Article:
Welcome to our August newsletter,
With large groups of signs sprouting up all over the country and the media’s unwavering coverage of all things politics it is clear we are now coming to the pointy end of an election year. It has been a tumultuous start for many of the parties with the shock step down of Andrew Little who has been replaced by Jacinda Ardern and not to mention the intense spotlight the Green Party has endured after Metiria Turei’s admissions. It now promises to be a very interesting election.
Whilst the scandal of politics will always be at the forefront for the media, it is the parties’ policies which we should really be focusing upon. It is only fitting that National and Labour’s major policies differ at just about every point and below we aim to give a brief overview of those different major policies.
One of the major talking points of the last 4 years has been the housing crisis. We covered this matter in our May newsletter but we thought it is worth a recap. National have introduced their solution to the housing shortage in the form of the Crown Building Scheme. The scheme aims to build 9,000 homes in the Auckland area over the next 3 years, half of which at an “affordable rate”. The aim over the next 10 years is for 34,000 new homes. Labour have also unveiled their plan called Kiwibuild, with an aim to build over 100,000 homes over the next 10 years, many of which would be restricted to first home buyers who would have to own their home for at least 5 years.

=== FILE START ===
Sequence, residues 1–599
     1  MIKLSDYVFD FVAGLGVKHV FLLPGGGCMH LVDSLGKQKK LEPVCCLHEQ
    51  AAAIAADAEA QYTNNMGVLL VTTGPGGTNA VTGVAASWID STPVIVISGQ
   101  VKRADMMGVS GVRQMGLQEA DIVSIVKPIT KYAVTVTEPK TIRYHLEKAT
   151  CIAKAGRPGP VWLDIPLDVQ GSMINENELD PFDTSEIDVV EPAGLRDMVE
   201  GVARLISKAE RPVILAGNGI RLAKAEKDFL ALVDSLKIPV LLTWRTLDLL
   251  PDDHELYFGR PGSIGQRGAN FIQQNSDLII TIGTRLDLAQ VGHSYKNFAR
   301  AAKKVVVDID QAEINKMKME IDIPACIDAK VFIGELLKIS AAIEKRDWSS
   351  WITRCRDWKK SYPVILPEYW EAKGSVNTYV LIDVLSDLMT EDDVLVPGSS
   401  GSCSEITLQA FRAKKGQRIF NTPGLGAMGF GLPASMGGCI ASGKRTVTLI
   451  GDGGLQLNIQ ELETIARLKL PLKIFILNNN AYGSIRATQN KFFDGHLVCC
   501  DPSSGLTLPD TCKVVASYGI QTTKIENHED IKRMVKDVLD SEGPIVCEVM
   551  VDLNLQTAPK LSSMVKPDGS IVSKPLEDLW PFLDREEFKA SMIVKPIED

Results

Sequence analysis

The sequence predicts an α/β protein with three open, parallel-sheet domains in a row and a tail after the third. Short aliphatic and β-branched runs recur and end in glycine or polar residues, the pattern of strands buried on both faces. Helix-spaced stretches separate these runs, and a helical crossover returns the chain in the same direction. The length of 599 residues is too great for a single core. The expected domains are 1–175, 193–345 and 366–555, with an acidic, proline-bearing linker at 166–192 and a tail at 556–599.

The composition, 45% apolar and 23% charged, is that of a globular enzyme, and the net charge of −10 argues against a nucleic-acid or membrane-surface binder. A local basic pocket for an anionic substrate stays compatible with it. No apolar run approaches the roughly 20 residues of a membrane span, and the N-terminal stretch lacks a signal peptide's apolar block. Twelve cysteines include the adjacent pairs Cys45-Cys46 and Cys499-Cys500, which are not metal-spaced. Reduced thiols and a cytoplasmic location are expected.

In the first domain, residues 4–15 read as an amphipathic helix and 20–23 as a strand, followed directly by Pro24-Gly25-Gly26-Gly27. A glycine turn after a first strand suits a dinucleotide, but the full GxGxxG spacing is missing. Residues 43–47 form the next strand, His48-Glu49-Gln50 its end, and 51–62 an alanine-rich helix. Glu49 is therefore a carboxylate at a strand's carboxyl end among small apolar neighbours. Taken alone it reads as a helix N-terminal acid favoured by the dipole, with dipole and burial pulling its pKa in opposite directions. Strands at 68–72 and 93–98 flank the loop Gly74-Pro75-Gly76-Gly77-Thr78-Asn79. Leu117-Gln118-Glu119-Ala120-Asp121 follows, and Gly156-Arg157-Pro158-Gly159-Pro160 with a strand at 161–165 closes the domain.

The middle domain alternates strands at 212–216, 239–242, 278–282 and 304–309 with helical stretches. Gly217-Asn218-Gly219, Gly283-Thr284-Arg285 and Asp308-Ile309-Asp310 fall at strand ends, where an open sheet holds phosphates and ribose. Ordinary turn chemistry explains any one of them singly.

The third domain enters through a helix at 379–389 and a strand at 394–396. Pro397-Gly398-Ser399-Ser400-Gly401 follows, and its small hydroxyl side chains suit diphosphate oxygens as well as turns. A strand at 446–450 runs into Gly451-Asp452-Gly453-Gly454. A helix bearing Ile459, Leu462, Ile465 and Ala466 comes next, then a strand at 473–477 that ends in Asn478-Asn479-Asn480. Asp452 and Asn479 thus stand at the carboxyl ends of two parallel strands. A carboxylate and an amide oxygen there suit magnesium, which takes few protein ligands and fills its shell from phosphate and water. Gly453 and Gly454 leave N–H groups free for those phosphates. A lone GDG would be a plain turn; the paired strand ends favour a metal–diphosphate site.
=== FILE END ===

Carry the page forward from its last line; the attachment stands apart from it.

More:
Transport and Infrastructure:
The second largest talking point in the last 4 years has been transport, especially in relation to Auckland. Labour’s policy will aim to build light rail from Auckland CBD to Auckland International Airport and develop a plan for light rail to be built over the coming decades all over Auckland. They also plan on implementing new bus routes and imposing further tax on Auckland road users. Rapid rail is also to be implemented between Auckland, Hamilton and Tauranga.
National’s transport goals are far more personal vehicle orientated and a generally more widespread than just focusing on Auckland. There is a specific focus on enhancing current high use and dangerous roadways. Although whilst National’s transport and infrastructure goals are roading orientated they too also have plans for development of commuter rail developments in both Auckland and Wellington.
National have recently announced their policy in regard to basic healthcare like GP visits. Currently all children under 13 years of age receive free GP visits and prescriptions and some Community Services Card holders receive GP visits capped at $18. Under National’s new policy all Community Services Card holders will receive the capped price. This will increase the total number of Kiwis who receive this benefit to 2.5 million.
Labour has also introduced a new healthcare policy although it is in relation to mental health services in New Zealand Schools. Whilst these services are currently funded for public schools decile 1-3, the quality of health services provided in secondary schools is inconsistent. Labour’s plan would provide a comprehensive service which would equate to 240 nurse hours per student a year with access to GP support.
As we move further toward the election we are sure that there will be further developments from all parties.
If you have any legal matters that we can help with please do not hesitate to contact us to organise a time or to just discuss your matter over the phone.
DAVENPORTS WEST LAWYERS LIMITED
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